Cohabit: (v) to live together
Even though, like any “Frosty poet,” I enjoy a good walk in the woods, there is something that interfaces with me as I feel pine needles under my soles: all the creatures of nature are a little bit frightened of me as a human being because I’m a horrible roommate.
I don’t honor my space. Sometimes I’m late on the rent. I cook up things and leave dishes behind.
And I spread my trash everywhere, assuming that it will be taken care of by either other beings, or time and chance.
So there is a look in the eye of the racoon and a squint from the squirrel that tells me they have no intention of relinquishing their right to the ecosystem. They will fight like hell if I attack their nest or if I suggest they should be ousted from their dens.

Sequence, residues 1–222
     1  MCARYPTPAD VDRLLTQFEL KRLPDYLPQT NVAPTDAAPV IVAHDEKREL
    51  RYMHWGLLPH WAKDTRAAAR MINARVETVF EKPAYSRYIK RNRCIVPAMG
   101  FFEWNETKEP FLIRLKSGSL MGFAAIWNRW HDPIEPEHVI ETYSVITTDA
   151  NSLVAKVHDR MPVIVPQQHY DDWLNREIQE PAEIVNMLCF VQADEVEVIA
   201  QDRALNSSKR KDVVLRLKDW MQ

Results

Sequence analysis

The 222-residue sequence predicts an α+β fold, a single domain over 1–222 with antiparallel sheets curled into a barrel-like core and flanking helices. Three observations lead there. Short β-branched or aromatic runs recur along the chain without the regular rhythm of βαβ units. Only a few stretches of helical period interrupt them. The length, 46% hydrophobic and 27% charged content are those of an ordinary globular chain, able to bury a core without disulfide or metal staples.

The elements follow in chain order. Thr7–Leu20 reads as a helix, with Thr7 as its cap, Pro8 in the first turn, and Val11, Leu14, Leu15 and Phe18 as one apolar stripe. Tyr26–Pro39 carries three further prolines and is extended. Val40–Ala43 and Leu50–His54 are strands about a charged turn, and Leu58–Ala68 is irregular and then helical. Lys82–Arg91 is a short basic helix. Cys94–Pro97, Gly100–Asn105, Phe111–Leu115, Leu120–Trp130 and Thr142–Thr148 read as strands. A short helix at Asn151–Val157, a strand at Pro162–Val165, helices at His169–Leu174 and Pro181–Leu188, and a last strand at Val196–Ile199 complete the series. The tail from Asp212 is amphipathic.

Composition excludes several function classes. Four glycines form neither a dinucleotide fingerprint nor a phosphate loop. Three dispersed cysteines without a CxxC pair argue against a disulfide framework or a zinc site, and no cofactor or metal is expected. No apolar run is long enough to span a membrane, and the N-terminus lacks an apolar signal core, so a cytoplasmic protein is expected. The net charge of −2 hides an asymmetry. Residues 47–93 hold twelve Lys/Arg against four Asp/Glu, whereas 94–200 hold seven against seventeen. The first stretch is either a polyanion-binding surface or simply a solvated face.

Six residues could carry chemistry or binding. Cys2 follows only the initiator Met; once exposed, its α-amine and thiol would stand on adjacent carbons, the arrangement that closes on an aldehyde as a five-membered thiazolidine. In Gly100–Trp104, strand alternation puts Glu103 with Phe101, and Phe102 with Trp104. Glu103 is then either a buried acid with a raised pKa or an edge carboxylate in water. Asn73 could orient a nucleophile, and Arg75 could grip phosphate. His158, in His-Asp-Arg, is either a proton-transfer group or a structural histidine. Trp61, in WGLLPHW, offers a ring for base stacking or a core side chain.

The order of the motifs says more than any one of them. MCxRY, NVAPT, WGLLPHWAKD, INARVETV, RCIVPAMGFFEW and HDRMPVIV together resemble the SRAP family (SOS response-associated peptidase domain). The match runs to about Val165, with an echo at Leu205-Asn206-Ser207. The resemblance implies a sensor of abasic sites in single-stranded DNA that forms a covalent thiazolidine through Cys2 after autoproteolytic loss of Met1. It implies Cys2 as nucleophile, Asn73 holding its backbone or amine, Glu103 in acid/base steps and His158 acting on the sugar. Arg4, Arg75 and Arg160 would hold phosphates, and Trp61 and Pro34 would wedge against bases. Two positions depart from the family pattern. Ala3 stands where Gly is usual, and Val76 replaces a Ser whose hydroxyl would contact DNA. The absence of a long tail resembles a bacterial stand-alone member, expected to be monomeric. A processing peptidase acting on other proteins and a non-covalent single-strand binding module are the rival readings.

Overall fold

There is a palpable defiance mingled with a pleading in their glance.
“Come on, you dumb shit. Can’t you just get along? Can’t you co-habitate with us? Do we have to growl, bite, and escape all of your plans to eliminate our species?”
Nature is kind of pissed with human beings. Why?
- We decide to blame God, even though there’s a natural order which was put in place billions of years before any of us urped up our first mother’s milk.
- We are so pretentious.
- We are so easily offended.
- We are the Mother-Earth-children of all brattiness.
Because the truth is, we aren’t satisfied with scrunching salmon and terrifying tigers. We start doing it to each other–using a color code. Sometimes it’s based upon evaluating genitalia.
But because we can’t cohabit the Earth with the turtle, we suddenly find ourselves very intolerant of those of our own race–who like to take things a little slower.
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